Firefox Prototype for Windows 8 Metro

Mozilla and Google both are working to get their browsers to work with the Metro interface of Windows 8. While the progress of Google Chrome for Metro is not known till now Mozilla is progressing with the plan to get the Firefox for Metro, Firefox Roadmap lists 2012 Q2 goal for providing a working prototype for Firefox on Metro.

Mozilla’s Brian Bondy posted on his blog about the Firefox Metro status update. Mozilla has created a working browser for Metro by last week, and it looks and feels the same as the Android browser according to him.

The new prototype is based on Fennec XUL Code, which they used initially for Firefox on Android and shifted later to native code on Android because of the startup performance issues. So far they haven’t had these issues in Metro yet, If they can continue using Fennec code on Metro with out any performance problems Firefox for Metro will be ready ahead of the schedule. The roadmap details that Firefox for Metro should be ready by the time the new OS lands in stores.

He also posted some screenshots of the working browser in Metro. In one screenshot of his own blog, there is a side pane attached to the browser. Probably you can have the thumbnail images of the tabs on the sidebar rather than on top.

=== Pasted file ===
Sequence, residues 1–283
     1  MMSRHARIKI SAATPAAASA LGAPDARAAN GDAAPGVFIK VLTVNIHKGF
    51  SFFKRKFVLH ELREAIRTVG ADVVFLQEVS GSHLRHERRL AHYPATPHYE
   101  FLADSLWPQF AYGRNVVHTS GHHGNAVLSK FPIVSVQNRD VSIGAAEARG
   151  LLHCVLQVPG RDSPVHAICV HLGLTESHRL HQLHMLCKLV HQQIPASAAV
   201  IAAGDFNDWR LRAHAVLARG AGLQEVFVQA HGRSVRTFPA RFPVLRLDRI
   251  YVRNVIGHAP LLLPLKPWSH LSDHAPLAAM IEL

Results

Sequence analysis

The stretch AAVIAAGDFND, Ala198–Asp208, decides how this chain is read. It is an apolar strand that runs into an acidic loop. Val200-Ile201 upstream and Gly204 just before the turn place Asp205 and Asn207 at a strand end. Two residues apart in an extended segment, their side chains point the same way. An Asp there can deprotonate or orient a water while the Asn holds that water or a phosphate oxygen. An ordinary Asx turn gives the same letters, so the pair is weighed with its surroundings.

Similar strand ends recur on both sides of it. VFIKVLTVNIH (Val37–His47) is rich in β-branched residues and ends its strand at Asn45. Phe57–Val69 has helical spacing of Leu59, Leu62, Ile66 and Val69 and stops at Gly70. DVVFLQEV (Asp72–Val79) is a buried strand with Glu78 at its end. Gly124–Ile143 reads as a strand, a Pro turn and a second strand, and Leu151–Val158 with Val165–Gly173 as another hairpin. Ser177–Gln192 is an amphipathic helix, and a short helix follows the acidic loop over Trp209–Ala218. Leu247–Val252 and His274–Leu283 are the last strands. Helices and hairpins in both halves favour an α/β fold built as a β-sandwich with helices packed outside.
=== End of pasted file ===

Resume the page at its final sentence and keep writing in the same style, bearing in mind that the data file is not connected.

Windows 8 integration has already been done to take advantage of the new features. For example Metro snap feature allows you to snap another app on the metro and continue using both Firefox and the other app side by side. And there is a file picker which supports opening a file or multiple files and saving files in Metro. Using the search charm you can search on any screen on Windows, if you search for URL it will open Firefox and if you search for text it will searched in your default search engine.

Share charm allows to share any Firefox page with another application like Twitter, mail or Facebook.

He explains at the end of the post why Firefox for Metro is important. You might already know that unlike Desktop Browsers Metro Browser should be  the default browser system wide, otherwise you can’t use that browser in Metro. Currently IE10 is the only browser that works in Metro.

If a browser does not support Metro, it is seriously at risk of losing the default browser status, and therefore significant market share. A browser without support for Metro, if default, would be taking away a Metro browser completely from the user’s computer.

Even if a user spends most of their time in the Desktop interface, having a really good Metro browser may be enough for the user to change their default browser. A browser with great Metro support can gain significant browser market share for this reason.